Rebecca Roberts, photographed at home in Merseyside. Photograph: Abbie Trayler-Smith

It was my partner Paul who got me into the sport. In May 2016, we met via the dating site Plenty of Fish. I was massively overweight and he was just helping me train at first, but things blossomed into a relationship. He thought I was really strong, and soon entered me into the UK’s Strongest Woman competition. I won it that September.

The event was held in a car park in Kent. There were more competitors than there were spectators, and for winning I got a tub of out-of-date protein powder. Months later, in 2017, when Eddie Hall won the title of Britain’s Strongest Man he got a brand new motorbike plus substantial prize money. The disparity was unreal.

When I first started, I was extremely self-conscious. I hated my body and who I was. I’d stay in the corner of the gym, wear all black and not want to be seen. But through the sport I’ve blossomed, and I’m a lot more confident. I’m proud of who I am, I’m proud of my body and I feel so much stronger mentally.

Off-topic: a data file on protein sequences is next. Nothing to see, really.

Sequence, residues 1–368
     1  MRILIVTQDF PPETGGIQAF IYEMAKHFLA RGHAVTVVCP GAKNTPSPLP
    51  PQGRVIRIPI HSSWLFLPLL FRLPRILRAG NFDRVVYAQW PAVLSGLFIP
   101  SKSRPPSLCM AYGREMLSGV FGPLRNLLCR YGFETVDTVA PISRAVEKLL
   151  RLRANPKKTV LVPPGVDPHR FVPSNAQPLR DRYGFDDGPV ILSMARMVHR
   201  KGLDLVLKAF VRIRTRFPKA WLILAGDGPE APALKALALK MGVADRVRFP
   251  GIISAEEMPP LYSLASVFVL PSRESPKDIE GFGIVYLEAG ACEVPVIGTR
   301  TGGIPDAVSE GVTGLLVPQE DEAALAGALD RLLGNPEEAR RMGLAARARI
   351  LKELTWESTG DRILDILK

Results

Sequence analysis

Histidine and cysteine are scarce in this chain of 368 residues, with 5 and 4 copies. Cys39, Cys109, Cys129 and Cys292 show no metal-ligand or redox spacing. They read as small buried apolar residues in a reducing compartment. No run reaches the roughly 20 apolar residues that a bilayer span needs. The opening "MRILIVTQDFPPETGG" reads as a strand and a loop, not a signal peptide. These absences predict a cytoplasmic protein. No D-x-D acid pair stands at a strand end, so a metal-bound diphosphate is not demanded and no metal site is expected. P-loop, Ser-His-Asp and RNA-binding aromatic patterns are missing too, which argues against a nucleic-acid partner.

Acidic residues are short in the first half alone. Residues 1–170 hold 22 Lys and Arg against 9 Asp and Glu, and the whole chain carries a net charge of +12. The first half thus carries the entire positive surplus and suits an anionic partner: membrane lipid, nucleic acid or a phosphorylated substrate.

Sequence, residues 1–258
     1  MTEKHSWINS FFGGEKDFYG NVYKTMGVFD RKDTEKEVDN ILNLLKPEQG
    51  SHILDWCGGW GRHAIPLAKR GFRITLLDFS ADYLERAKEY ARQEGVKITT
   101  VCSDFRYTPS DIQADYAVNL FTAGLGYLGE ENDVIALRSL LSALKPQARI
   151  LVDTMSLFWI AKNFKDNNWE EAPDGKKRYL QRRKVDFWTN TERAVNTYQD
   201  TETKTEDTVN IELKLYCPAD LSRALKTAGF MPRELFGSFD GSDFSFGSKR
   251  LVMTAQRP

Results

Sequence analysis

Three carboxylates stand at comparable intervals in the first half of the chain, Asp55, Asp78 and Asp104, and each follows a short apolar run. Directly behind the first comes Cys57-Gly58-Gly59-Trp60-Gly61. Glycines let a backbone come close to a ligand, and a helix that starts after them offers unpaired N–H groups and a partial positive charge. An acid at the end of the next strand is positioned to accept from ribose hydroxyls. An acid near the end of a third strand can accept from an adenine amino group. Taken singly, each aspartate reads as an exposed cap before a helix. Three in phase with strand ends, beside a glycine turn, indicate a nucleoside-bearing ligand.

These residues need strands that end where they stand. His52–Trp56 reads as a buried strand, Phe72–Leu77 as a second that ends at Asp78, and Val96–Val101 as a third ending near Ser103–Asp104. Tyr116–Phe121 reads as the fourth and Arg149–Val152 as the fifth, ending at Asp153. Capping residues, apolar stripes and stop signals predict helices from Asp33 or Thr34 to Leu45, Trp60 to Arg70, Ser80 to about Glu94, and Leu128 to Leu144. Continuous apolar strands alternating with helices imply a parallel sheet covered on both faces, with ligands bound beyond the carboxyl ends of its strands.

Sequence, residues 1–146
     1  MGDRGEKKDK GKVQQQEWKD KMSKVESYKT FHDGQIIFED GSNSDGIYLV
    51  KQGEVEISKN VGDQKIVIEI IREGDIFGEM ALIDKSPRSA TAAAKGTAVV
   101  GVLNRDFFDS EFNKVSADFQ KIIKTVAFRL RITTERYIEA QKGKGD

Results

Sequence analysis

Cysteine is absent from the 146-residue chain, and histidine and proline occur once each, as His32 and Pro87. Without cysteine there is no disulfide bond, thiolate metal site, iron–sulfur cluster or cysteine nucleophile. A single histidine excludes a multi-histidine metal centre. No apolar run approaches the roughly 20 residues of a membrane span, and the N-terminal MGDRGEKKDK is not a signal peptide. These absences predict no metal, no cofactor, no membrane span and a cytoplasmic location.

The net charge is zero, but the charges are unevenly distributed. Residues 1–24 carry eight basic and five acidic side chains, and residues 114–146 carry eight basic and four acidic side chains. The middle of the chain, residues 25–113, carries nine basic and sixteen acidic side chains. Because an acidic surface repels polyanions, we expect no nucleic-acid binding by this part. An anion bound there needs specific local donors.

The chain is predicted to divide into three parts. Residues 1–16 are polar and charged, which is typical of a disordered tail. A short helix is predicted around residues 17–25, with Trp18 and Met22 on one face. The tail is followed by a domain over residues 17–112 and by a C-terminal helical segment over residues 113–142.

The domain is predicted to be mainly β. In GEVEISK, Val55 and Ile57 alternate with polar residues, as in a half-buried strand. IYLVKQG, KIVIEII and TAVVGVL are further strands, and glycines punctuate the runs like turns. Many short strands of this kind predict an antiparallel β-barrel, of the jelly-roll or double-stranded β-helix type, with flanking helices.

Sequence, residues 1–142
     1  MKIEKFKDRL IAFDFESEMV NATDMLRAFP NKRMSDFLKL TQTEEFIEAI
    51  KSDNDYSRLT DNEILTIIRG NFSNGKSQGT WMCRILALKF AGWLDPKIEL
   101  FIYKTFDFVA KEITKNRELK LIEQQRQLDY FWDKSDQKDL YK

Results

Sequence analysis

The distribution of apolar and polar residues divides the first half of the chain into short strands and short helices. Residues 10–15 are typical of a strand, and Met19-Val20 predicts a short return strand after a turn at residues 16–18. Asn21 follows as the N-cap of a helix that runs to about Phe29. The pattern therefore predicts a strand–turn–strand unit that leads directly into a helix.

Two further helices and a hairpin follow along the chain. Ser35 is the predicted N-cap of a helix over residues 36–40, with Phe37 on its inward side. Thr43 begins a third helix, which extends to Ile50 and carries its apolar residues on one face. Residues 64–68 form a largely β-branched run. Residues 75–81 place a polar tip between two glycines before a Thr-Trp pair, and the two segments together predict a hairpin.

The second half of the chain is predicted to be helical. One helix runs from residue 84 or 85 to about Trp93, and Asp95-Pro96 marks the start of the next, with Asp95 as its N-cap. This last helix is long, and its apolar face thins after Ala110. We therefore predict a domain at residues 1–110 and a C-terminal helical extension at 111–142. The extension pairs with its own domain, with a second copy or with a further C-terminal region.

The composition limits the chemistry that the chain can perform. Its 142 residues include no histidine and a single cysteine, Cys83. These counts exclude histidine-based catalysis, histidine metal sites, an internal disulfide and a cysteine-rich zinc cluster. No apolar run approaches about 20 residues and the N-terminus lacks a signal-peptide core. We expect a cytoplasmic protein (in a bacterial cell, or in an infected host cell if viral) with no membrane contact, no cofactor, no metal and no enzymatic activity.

There’s a lot of stigma around plus-sized people, and I get a lot of plus-size women who say that seeing me in the gym in a sports bra and leggings has given them the confidence to go into the gym and be who they are meant to be. One woman said seeing my confidence out there in a competition made her walk into work the next day with her head held high for the first time. That made me cry. Stuff like that means the world to me.

The sport takes over your life. I’m up at 5.30am and out for a walk. I start work as a quality assurance analyst at 7.30am and finish around 4pm. I train for two to four hours five times a week. Sometimes, I drive for an hour to a gym with specialist equipment. Some days, I don’t get home until 10pm. Thankfully, there’s a lot more money coming into the sport now. The 2023 Arnold Strongwoman competition had $80,000 (£63,000) prize money. That was unheard of two or three years ago.

Paul was diagnosed with heart failure in March 2022. I trained for UK’s Strongest Woman while he was in hospital. I ended up winning it in late April – I wanted to make him proud of me. Throughout the year, he was getting better, and his heart had improved. Then on 4 December at around 8am, he had a heart attack. I rang 999 and had to drag him out of bed and perform CPR. They were working on him in our bedroom for about 40 minutes before they pronounced him dead.